Frequent nighttime urination is known as nocturia. Nocturia is a major cause of poor sleep. It causes fatigue. It even increases the risk of heart diseases, depression and gastrointestinal disorders. However, according to health experts, nocturia is a normal sign of aging.
Causes of nocturia
Several factors are associated with frequent nighttime urination. In younger people, urine production is greater during the day. However, in elderly people, poor production of the anti-diuretic hormone slows down the urine production process. The bladder becomes frequently filled in the night, leading to excessive nighttime urination.
Moreover, in aged adults, the bladder shrinks in size. The aged bladder could hold a smaller volume of urine, hence forcing frequent urination during the night to empty the bladder. In men, nocturia might be a sign of enlarged prostate. It could even be the symptom of urinary tract infection and kidney stones. People on diuretic medications are often forced to empty their bladder frequently. Drinking too much water before going to bed might cause nocturia. Nocturia is common among diabetics.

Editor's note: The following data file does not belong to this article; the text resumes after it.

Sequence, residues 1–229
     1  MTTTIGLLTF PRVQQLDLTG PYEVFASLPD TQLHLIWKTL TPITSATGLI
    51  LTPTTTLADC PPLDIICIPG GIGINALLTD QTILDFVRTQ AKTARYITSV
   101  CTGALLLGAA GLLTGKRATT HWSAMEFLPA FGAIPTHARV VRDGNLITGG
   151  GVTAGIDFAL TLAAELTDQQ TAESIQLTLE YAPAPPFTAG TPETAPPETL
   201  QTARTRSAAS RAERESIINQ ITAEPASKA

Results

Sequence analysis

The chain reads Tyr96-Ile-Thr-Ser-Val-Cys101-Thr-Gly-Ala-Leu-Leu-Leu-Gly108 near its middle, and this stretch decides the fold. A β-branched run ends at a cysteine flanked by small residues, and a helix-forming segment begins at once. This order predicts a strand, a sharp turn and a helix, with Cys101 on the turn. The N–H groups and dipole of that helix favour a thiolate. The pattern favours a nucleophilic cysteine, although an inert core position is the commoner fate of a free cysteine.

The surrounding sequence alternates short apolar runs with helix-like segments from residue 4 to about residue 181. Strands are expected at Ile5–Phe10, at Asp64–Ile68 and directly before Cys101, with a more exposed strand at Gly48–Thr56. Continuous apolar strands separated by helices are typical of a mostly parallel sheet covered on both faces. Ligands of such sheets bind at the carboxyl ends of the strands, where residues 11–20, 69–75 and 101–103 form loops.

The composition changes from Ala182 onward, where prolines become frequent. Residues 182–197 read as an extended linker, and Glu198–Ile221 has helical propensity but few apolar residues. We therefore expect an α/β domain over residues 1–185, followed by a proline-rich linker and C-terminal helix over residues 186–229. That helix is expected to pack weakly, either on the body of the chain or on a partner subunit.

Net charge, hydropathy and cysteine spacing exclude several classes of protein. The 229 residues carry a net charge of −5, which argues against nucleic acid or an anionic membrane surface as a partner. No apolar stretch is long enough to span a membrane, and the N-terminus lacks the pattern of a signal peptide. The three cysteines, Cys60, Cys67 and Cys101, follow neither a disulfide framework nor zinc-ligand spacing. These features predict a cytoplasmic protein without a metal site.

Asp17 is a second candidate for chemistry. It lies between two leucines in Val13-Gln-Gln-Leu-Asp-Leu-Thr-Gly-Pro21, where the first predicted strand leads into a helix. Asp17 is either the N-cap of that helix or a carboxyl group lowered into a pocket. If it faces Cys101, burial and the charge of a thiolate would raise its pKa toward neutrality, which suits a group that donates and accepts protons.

If nocturia is a symptom of an underlying health disorder, it will subside naturally once the illness is cured. Medications are often prescribed for treating nocturia. Nocturia medications include synthetic hormones that prevent production of urine during the night. Drugs that prevent contraction of the bladder muscles could prevent nocturia. Antidepressants might reduce urination by increasing the tension at the neck of the bladder. However, nocturia medications cause adverse side effects such as heartburn, dry mouth and constipation. If nocturia occurs without an underlying disease, it can be safely managed with lifestyle modifications.
Researchers of Kyoto University Graduate School of Medicine in Japan have observed that lifestyle therapy could significantly reduce the number of nighttime trips to empty the bladder. Nocturia might be prevented by limiting fluid intake in the evening. During the day, nocturia sufferers are advised to limit their total fluid consumption to 2 per cent of their body weight. If you are thirsty before going to bed, sip a small amount of water. To reduce nighttime urination you should keep your body warm while sleeping. Sleeping with the legs elevated could prevent nocturia.